Therefore, there is a need in the art for an efficient system and method for connecting a large number of scanners to a host computer and central database and for allowing the scanners to continue to operate in the event of a network failure. The solution should provide an alternative to simply upgrading the host computer and network facilities.

Summary of the Invention

The present invention satisfies the above-described need by providing a system and method for efficiently processing and responding to data from a plurality of input devices. The invention employs a plurality of intelligent data managers that are connected to a host computer. Each data manager is also connected to an input and output device associated with one of a plurality of work positions. Periodically, the data managers receive and store information from the host computer. Each data manager then uses the stored information to respond to the data from the associated input device. The data managers also provide data to the host computer. By storing and forwarding the data, the data managers provide a redundant system that can continue to operate in this fashion if the connection to the host computer is interrupted. By processing the data at the data managers, the system provides quick responses to each work position and reduces the amount of data traffic between the input and output devices at each work position and the host computer.

Generally described, the present invention provides an improvement for use in a system for sorting a plurality of objects and conveying each of the sorted objects to a predetermined position. The improvement includes a label reader for providing identification data corresponding to a machine readable code on an object and a host computer for providing disposition data pertaining to the object. The improvement also includes a data communication manager for receiving the identification data from the code reader and the disposition data from the host computer. The data communication manager is operative to determine the disposition of the object on the basis of the stored disposition data and to provide a disposition signal in response to the determination. The system also includes an indicator for receiving the disposition signal and providing to a user an indication corresponding to the disposition signal.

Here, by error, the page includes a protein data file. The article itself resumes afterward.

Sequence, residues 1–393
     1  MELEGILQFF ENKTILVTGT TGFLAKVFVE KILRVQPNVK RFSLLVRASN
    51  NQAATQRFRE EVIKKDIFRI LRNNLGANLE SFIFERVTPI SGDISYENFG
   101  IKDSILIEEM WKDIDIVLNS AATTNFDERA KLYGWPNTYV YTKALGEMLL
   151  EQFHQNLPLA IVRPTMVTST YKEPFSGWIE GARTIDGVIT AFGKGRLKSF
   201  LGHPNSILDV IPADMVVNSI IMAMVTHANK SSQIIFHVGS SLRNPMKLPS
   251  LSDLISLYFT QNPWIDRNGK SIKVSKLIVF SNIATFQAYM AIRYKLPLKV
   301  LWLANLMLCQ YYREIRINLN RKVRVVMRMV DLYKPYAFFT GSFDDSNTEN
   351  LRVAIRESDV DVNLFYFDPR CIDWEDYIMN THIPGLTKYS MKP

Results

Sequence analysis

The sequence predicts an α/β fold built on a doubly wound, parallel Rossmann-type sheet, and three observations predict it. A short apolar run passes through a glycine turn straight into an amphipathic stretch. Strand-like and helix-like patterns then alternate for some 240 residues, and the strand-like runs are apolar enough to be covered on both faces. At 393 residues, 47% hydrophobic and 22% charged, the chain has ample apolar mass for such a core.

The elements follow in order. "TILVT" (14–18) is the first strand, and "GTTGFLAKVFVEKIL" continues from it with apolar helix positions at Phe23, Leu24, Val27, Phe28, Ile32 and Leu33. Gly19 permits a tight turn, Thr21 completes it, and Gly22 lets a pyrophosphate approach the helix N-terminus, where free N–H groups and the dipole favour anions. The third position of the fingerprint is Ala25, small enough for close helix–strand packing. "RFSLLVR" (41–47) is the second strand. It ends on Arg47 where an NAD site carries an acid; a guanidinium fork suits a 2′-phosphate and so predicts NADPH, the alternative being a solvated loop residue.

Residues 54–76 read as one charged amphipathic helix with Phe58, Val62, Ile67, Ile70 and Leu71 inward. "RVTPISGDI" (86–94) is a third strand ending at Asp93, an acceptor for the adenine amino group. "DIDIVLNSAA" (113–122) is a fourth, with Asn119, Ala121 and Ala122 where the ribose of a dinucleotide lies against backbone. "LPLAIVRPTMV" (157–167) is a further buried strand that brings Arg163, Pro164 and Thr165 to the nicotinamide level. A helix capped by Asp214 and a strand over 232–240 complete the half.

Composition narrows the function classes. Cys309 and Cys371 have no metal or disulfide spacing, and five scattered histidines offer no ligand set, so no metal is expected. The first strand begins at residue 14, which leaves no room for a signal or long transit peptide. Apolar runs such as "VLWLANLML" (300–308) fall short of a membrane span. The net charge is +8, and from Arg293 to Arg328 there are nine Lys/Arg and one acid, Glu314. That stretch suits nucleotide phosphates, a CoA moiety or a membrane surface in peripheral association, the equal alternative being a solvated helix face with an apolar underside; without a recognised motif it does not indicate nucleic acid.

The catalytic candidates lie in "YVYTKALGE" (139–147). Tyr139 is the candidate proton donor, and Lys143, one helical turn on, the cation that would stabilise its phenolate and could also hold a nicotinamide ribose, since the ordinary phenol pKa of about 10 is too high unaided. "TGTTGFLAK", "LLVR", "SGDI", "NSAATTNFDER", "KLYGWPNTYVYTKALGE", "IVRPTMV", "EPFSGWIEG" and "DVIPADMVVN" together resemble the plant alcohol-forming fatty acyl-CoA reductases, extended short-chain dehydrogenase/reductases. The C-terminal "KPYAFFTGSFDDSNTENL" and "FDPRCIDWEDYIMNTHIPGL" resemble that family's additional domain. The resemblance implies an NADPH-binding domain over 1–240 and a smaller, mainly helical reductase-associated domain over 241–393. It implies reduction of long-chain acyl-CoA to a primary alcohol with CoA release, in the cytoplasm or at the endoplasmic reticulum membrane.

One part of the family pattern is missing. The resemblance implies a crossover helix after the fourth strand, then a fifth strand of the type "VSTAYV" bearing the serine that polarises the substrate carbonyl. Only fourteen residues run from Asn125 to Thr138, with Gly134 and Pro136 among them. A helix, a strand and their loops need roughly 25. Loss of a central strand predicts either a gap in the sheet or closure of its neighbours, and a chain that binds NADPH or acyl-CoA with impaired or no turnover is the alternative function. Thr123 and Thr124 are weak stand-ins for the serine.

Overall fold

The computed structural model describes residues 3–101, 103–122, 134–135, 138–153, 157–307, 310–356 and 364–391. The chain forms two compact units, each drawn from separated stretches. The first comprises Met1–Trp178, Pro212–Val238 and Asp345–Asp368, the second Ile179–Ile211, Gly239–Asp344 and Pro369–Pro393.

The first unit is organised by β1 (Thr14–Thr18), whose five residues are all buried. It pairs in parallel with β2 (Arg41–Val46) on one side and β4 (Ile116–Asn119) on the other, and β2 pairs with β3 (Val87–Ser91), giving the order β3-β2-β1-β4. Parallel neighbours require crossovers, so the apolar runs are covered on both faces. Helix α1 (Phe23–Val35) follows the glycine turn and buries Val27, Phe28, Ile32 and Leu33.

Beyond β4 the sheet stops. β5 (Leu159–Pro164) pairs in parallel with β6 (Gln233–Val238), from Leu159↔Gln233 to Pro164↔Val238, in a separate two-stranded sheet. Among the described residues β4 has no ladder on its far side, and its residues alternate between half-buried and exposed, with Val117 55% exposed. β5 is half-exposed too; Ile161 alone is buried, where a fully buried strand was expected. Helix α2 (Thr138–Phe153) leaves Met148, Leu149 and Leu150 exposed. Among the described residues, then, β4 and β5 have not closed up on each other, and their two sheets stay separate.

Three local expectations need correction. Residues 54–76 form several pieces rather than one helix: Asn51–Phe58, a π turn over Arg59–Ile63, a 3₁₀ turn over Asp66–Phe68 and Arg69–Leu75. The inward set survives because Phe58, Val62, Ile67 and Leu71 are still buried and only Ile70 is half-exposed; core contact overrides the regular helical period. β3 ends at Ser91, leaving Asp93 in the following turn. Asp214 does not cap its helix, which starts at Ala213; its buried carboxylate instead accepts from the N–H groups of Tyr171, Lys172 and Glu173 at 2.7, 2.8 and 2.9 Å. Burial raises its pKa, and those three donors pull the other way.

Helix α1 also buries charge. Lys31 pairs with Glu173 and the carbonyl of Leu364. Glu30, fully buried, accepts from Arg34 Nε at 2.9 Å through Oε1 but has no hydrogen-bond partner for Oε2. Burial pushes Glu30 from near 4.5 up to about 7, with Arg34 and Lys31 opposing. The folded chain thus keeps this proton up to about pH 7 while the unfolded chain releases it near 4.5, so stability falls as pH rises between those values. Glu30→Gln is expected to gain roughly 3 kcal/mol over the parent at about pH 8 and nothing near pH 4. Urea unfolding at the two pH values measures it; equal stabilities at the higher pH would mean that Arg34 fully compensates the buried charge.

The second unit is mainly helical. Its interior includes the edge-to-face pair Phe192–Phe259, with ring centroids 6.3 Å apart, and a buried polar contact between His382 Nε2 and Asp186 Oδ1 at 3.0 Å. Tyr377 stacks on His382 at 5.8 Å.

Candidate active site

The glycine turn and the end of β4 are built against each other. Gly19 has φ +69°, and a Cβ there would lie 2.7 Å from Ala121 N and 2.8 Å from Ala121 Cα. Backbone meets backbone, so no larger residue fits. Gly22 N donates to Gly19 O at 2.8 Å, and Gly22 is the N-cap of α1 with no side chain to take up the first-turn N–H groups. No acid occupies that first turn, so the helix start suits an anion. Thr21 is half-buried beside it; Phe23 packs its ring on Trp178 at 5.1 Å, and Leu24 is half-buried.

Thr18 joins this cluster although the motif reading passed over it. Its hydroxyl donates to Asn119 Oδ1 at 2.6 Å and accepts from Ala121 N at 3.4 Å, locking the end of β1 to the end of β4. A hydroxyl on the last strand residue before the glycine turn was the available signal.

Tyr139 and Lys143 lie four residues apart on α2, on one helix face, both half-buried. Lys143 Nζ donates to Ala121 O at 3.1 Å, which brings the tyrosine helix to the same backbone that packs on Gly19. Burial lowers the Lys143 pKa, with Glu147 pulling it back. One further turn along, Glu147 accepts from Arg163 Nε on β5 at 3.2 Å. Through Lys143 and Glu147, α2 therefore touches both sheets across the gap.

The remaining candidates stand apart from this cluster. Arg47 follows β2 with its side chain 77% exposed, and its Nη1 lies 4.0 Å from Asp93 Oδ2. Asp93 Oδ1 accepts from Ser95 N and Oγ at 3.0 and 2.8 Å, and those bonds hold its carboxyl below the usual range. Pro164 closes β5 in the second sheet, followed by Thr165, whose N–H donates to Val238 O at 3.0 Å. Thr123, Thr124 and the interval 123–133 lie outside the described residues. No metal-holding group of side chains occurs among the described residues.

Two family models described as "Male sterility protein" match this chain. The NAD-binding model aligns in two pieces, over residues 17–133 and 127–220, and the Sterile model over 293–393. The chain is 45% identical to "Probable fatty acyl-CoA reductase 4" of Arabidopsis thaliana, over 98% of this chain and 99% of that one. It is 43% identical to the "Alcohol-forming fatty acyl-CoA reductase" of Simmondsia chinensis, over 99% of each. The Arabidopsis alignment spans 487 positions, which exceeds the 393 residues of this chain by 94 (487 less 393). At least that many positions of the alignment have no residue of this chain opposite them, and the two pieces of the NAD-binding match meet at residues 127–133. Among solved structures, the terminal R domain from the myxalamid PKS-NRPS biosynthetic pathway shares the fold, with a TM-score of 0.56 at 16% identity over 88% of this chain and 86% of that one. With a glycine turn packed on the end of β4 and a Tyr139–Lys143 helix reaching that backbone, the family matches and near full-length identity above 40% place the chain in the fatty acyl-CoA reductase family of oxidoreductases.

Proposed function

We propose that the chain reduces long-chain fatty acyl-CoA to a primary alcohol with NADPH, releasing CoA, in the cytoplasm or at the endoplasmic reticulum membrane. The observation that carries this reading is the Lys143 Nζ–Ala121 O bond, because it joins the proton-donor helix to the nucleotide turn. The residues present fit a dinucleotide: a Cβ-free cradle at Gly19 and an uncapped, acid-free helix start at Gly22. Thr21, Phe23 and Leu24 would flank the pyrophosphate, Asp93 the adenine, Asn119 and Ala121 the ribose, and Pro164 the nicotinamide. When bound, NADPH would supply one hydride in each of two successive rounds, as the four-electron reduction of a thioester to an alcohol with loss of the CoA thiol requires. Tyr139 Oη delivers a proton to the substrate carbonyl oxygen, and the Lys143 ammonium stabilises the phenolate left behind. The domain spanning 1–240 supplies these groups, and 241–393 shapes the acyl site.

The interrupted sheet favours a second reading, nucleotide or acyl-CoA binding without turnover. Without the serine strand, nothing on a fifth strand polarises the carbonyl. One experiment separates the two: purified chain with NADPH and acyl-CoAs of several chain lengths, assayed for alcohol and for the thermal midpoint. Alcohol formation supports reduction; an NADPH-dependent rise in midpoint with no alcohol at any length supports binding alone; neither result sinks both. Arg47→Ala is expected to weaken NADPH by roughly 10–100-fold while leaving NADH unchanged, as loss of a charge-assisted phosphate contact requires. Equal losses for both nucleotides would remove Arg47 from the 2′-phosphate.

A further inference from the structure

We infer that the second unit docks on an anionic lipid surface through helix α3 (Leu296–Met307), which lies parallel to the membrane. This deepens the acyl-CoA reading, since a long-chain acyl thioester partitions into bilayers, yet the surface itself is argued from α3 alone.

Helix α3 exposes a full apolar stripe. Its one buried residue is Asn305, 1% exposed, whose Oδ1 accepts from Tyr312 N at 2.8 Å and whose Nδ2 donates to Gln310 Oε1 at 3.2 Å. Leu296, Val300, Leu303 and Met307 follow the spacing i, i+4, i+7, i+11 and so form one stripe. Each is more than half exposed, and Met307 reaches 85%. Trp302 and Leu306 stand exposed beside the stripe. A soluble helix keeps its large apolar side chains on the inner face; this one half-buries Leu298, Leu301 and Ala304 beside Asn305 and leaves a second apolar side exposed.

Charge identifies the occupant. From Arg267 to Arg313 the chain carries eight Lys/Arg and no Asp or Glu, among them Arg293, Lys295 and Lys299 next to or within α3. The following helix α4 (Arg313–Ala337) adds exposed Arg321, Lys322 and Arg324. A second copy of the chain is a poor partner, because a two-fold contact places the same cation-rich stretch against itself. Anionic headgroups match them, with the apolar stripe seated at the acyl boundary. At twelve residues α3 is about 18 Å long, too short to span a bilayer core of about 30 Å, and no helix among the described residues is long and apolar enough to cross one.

In another aspect, the improvement of the present invention provides a host computer comprising disposition data associated with at least one of a plurality of objects, which have been sorted and conveyed to a predetermined position. The present invention provides a plurality of data communication managers operatively connected to the host computer. A data communication manager is associated with each of the positions. A plurality of input devices are provided for reading object identification data from the sorted objects. An input device is operatively connected to each of the data communication managers. The host computer is operative to transfer the disposition data to the data communication managers. Each input device reads the object identification data from a sorted object and transmits the object identification data to the connected data communication manager. The data communication manager store the disposition data received from the host computer. The disposition of the sorted object is determined based on the stored disposition data and the object identification data. The data communication manager then stores data indicative of the disposition of the sorted object and transmits that data to the host computer.

More particularly described, the connection between the host computer and the data communication managers allows disposition data to be transferred from the host computer to the data communication managers at predetermined times and when updated disposition information is available at the host computer. The determination regarding the disposition of the sorted object includes determining whether the sorted object was conveyed to the proper position. This is accomplished by determining whether an object parameter associated with the sorted object corresponds to a position parameter associated with the position. Alternately, the determination regarding the disposition of the sorted object includes determining whether the disposition data comprises a revised disposition record associated with the sorted object.